JONESBORO, AR (KAIT) - No call at Christmas. No one to wish you a Happy Birthday. No one to ask advice about life's toughest decisions.
Children who age out of Arkansas's foster care system without ever being adopted face an uphill battle at best. Others face what they feel is a roller-coaster ride out of control.
Ashley Koettel wishes her life would be as smooth as the manicures she's learning to give as a cosmetology student. But, life hasn't exactly been fair.
Ashley Koettel tells, "My childhood was normal until my dad died and my mom got a bunch of money from Social Security and she ended up using that on the wrong things and got the wrong addictions."
Ashley's mother became hooked on meth. She along with her brothers and sisters were removed from the home. All of them went to relatives. Ashley was the only child who ended up in foster care.
Ashley, "...and then after that, it was very different. I wasn't on the cheerleading squad anymore. I wasn't into athletics."
Kentucky social services sent her to live with relatives in Newport, Arkansas; but that situation didn't work out and Ashley stayed in foster care until her graduation last year.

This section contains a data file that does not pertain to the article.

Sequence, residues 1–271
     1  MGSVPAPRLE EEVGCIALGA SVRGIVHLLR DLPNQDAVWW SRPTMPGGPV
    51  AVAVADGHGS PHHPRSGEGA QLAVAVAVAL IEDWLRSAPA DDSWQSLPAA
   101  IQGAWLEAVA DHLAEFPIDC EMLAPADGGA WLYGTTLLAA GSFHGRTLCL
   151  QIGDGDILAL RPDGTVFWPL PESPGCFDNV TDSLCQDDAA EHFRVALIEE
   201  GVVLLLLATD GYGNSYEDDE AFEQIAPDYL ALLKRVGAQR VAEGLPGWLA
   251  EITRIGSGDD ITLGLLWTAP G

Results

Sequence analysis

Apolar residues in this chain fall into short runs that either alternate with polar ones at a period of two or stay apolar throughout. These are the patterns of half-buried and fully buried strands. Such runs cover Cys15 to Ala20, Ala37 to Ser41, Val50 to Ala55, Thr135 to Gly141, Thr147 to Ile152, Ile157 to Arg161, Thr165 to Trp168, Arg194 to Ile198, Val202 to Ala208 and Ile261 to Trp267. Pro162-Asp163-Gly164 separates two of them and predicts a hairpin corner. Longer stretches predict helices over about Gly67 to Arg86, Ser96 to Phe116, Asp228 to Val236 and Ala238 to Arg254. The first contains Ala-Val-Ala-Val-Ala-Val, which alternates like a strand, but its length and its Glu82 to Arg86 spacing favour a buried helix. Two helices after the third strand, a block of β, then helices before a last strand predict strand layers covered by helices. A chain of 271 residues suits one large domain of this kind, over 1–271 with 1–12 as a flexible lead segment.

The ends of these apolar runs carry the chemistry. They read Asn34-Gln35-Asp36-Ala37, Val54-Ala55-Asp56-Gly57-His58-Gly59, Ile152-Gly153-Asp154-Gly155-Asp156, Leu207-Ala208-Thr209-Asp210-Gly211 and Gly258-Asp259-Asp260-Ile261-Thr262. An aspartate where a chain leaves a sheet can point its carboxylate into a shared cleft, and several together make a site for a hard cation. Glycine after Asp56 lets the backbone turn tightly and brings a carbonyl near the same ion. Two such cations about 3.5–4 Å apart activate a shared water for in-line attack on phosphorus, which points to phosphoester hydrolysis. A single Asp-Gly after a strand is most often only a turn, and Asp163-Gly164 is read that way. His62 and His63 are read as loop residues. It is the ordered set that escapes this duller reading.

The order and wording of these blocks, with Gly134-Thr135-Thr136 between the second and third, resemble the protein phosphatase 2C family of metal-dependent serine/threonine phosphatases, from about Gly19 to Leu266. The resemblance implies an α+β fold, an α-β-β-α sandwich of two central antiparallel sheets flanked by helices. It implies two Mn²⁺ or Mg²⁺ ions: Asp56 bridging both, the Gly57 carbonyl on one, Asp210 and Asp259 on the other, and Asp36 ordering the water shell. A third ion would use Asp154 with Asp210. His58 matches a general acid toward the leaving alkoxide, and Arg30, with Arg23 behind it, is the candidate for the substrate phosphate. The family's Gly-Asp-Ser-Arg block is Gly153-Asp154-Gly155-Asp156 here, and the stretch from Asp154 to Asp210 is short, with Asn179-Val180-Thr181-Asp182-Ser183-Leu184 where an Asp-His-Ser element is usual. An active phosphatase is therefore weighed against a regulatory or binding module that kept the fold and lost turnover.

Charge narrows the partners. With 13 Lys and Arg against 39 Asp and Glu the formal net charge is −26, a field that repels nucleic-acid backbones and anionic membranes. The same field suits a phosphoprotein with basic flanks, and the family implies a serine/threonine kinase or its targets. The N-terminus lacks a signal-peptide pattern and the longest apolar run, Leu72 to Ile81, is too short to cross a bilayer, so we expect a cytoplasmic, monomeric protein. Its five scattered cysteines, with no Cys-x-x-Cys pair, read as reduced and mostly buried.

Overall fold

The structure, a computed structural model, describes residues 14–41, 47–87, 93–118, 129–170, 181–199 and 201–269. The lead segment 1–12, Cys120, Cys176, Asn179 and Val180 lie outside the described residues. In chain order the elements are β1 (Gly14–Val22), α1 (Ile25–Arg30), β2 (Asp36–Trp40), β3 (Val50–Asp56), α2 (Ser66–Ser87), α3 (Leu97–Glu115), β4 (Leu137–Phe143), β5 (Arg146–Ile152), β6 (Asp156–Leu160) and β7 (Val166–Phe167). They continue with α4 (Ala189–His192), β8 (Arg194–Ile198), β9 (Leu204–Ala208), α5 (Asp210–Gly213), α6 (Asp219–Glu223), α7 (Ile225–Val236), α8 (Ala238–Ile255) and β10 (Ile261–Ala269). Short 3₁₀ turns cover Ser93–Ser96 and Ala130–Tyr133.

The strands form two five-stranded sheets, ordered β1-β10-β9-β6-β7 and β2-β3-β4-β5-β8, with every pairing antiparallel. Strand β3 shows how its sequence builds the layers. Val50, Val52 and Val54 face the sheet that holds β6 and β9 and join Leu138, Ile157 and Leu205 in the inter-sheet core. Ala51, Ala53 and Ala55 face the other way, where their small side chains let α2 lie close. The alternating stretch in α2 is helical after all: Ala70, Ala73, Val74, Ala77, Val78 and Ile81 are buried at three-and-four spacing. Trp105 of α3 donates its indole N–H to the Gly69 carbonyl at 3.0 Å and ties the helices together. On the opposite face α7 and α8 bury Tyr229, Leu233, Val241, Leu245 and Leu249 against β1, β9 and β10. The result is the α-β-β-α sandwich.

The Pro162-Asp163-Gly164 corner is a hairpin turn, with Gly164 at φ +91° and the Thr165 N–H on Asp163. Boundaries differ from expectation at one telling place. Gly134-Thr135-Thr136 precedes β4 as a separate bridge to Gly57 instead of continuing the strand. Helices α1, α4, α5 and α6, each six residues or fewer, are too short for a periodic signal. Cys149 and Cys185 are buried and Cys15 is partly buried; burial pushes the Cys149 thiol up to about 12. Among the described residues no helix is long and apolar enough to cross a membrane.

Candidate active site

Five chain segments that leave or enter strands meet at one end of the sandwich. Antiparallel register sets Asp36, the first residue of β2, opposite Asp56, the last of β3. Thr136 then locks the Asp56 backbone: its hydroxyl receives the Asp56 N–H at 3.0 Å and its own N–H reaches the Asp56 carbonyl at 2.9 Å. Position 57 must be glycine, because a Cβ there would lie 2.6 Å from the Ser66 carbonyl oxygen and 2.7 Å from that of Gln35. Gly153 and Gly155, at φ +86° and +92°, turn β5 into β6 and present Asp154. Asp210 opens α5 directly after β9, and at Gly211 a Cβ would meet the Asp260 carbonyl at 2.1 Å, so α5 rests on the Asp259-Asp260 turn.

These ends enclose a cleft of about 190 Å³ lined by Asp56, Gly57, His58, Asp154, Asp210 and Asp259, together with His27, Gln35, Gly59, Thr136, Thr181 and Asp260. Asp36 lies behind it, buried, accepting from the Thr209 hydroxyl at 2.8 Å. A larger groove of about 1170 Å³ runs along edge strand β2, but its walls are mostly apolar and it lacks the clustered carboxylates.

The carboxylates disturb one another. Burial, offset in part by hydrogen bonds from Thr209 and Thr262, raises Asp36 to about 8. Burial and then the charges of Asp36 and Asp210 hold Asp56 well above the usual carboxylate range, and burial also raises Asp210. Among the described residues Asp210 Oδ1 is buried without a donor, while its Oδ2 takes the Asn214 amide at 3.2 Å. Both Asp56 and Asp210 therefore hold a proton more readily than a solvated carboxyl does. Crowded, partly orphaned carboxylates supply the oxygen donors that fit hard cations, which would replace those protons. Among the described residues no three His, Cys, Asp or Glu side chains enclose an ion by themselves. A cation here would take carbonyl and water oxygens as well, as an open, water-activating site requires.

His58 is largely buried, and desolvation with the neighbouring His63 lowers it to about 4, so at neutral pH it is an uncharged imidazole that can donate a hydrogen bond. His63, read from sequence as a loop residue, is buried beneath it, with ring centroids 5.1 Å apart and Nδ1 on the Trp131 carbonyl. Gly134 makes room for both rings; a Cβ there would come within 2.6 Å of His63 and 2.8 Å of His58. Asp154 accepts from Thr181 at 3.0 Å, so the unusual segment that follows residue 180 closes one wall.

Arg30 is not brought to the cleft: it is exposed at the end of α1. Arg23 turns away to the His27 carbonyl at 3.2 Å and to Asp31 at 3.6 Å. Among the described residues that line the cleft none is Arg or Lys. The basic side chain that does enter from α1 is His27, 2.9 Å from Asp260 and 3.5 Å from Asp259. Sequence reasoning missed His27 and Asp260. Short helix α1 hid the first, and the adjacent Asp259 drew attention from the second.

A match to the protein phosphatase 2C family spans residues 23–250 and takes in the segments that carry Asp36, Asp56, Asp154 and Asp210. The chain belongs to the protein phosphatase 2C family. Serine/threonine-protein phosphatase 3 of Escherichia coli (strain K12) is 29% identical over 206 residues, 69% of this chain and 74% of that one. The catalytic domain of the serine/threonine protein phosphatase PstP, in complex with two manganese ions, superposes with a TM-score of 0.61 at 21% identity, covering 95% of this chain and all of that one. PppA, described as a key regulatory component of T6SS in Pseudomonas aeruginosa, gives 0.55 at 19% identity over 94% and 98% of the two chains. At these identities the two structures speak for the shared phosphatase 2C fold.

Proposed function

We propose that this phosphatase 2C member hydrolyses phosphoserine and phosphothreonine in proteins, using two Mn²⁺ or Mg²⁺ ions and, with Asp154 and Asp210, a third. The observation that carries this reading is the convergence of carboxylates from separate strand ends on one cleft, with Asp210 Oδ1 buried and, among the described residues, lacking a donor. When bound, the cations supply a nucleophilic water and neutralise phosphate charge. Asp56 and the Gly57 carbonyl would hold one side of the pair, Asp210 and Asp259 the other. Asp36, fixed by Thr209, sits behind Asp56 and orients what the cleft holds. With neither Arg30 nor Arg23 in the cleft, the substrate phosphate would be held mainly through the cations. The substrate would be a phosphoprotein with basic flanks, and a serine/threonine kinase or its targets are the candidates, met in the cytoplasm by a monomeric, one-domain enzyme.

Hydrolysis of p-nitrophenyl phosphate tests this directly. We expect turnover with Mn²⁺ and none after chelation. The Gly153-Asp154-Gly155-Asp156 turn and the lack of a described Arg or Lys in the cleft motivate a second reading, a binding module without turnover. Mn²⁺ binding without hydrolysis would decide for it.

She enrolled in Arkansas' Independent Living Program operated by the Department of Human Services, where former foster care youth up to the age of 21 are eligible for assistance to help get an education along with life-skills training.
Ashley enrolled at ASU and things seemed to be going well, until she says her board payments from the state got behind. She had to get a job to try to make up the difference.
Each month she got more and more behind on bills and her credit became ruined. Finally, she had to drop out of school--owing ASU more than $3,600.
Ashley shared her tale of turmoil today at a local meeting of the adoption coalition, an organization trying to promote adoptions within the state.
Ashley is not alone. An increasing number of the state's foster children leave the state system at age 18 having never been adopted. A recent study by Arkansas Advocates for Children and Families found that over the past five years, nearly 1,000 children in foster care aged out without ever having been adopted. African American children make up the greatest percentage of those who never get adopted.
Aged out foster kids often don't complete high school and face increased risks of becoming young parents, being homeless and criminal activities.
And, just like Ashley has found, manuvering the system available to foster children that age out is very difficult. Now Ashley works two part-time jobs and attends the Arkansas Academy of Hair Design five days a week.
She says DHS still hasn't paid.
Ashley's DHS caseworker is located in Batesville. To see her, Ashley has to miss school, putting her further behind. In Arkansas, youth are supposed to be available to get basic services of up to $2,000 to find a place to live.